The Chinese government issued a statement on November 10, declaring that individuals stealing digital collections, such as nonfungible tokens (NFTs), will be subject to theft sentences. The statement outlines three perspectives on the type of crime that the theft of digital collections falls under.
The first two views classify it as either data or digital property, while the third view considers digital collections as both data and virtual property, falling under the umbrella of “co-offending.” The statement emphasizes that stealing a digital collection involves intrusion into the system where it is stored, thereby committing the crime of illegally obtaining computer information system data and theft.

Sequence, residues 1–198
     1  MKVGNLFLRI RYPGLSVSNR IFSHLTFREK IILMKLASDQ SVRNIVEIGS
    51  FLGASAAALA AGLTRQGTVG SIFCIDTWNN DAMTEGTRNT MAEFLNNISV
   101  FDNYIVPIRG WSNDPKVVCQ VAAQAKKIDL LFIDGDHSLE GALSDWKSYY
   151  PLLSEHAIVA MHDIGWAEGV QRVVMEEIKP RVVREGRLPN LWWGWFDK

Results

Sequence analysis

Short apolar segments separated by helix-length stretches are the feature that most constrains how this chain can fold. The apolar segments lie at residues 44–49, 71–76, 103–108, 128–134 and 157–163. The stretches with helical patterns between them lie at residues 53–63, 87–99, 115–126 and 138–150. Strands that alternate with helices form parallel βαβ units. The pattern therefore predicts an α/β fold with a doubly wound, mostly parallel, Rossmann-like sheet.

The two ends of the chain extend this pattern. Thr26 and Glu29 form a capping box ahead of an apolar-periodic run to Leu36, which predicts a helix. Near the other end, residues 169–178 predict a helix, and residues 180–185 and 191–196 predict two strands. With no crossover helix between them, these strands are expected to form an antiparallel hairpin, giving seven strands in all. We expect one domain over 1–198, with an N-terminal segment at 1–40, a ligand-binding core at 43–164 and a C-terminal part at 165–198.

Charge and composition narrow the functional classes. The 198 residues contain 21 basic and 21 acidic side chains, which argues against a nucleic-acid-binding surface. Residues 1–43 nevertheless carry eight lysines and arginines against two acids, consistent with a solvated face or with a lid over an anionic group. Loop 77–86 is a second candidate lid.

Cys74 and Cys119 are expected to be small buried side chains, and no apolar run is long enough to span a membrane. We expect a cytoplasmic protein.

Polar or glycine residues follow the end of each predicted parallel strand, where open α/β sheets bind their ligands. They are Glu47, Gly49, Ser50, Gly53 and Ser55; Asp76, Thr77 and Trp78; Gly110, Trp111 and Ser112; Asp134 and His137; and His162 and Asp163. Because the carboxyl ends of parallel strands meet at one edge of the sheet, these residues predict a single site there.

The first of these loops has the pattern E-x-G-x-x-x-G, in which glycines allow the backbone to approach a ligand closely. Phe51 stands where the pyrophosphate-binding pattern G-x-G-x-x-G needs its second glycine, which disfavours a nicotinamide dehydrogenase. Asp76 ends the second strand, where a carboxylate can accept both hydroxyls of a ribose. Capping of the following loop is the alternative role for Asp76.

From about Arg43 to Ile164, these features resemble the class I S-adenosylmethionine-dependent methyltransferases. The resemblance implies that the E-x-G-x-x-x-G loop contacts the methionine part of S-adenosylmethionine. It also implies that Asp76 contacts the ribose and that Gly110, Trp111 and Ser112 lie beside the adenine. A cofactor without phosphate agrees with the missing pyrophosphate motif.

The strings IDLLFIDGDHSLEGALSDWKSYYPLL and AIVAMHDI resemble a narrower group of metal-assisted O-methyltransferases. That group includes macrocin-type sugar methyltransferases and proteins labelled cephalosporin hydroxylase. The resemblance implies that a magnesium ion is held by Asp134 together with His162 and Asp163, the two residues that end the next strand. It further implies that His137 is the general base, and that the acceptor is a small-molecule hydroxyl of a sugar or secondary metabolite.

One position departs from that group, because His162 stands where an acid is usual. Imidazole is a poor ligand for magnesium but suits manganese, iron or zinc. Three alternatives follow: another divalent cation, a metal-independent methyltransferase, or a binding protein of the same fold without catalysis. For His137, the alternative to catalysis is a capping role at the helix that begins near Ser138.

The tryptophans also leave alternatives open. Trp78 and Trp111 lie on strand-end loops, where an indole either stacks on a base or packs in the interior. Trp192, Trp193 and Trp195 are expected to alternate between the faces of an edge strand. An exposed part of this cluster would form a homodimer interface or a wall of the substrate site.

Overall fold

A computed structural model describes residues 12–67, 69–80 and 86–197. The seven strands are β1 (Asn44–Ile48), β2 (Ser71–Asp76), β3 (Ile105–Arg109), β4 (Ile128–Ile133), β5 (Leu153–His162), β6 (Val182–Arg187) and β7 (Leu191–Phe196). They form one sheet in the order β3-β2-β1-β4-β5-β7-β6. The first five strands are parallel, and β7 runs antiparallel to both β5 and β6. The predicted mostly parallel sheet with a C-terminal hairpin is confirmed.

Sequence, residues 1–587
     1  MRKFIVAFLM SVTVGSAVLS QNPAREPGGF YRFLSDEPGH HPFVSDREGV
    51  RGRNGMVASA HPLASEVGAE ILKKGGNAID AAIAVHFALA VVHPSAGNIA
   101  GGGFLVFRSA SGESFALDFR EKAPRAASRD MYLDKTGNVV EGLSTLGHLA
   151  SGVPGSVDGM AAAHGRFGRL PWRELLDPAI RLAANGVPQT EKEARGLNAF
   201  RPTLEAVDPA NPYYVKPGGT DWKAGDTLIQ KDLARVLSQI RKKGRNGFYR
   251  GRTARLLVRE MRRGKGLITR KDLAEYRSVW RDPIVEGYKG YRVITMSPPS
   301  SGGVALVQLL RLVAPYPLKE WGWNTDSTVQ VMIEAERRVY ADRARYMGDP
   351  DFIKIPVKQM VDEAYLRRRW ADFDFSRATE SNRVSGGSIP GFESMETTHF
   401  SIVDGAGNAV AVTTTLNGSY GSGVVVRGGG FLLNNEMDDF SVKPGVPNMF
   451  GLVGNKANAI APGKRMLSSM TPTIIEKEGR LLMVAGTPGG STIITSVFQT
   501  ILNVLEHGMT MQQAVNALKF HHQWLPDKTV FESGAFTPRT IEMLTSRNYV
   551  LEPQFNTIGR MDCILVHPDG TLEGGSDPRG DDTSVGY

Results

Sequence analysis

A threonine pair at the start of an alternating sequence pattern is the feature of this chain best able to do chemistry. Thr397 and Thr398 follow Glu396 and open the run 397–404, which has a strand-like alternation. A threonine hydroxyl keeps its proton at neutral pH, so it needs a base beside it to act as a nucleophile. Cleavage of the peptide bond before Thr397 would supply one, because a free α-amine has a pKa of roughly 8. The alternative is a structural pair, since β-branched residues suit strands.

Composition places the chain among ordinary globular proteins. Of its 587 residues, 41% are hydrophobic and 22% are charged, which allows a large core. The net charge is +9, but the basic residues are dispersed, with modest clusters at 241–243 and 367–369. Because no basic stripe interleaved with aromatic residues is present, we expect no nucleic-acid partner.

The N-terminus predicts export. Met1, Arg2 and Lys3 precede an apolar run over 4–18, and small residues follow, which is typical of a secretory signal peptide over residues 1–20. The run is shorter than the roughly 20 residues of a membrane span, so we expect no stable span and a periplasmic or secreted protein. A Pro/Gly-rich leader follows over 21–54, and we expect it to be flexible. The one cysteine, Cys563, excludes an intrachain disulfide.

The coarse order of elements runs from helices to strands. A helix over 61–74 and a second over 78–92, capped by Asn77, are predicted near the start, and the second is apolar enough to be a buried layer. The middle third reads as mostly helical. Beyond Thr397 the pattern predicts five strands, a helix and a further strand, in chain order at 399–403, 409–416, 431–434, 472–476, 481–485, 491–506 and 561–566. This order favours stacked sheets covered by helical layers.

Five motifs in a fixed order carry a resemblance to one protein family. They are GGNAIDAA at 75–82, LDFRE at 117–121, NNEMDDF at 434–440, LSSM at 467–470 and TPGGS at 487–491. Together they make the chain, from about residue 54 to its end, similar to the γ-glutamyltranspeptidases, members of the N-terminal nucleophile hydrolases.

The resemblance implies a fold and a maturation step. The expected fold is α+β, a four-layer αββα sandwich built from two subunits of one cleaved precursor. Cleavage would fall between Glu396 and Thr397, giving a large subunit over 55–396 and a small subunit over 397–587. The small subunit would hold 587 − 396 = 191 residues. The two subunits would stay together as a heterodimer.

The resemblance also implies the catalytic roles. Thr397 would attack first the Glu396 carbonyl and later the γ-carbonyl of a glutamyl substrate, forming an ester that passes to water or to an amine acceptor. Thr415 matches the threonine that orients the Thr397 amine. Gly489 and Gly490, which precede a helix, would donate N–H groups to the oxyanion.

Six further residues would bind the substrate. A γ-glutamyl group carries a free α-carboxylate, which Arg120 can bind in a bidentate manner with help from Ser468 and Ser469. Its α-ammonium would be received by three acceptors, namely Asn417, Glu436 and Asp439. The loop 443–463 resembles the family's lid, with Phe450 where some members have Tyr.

The statement recognizes digital collections as “network virtual property” and asserts that, in the context of criminal law, collections should be acknowledged as property. NFTs are explicitly mentioned, and the statement establishes that digital collections are derived from the concept of NFTs abroad, using blockchain technology to map specific assets with unique, non-copyable, tamper-preventing, and permanent storage characteristics.
Despite China’s official ban on nearly all crypto-related activities and transactions from 2021, there has been recent interest in NFTs. Local reports suggest that Alibaba-owned peer-to-peer marketplace Xianyu removed censorship of NFT-related keywords in its search. Additionally, China Daily, a government-owned English-language newspaper, announced plans to create its own NFT platform and offered a substantial reward to a third-party contractor to design the platform according to its specifications.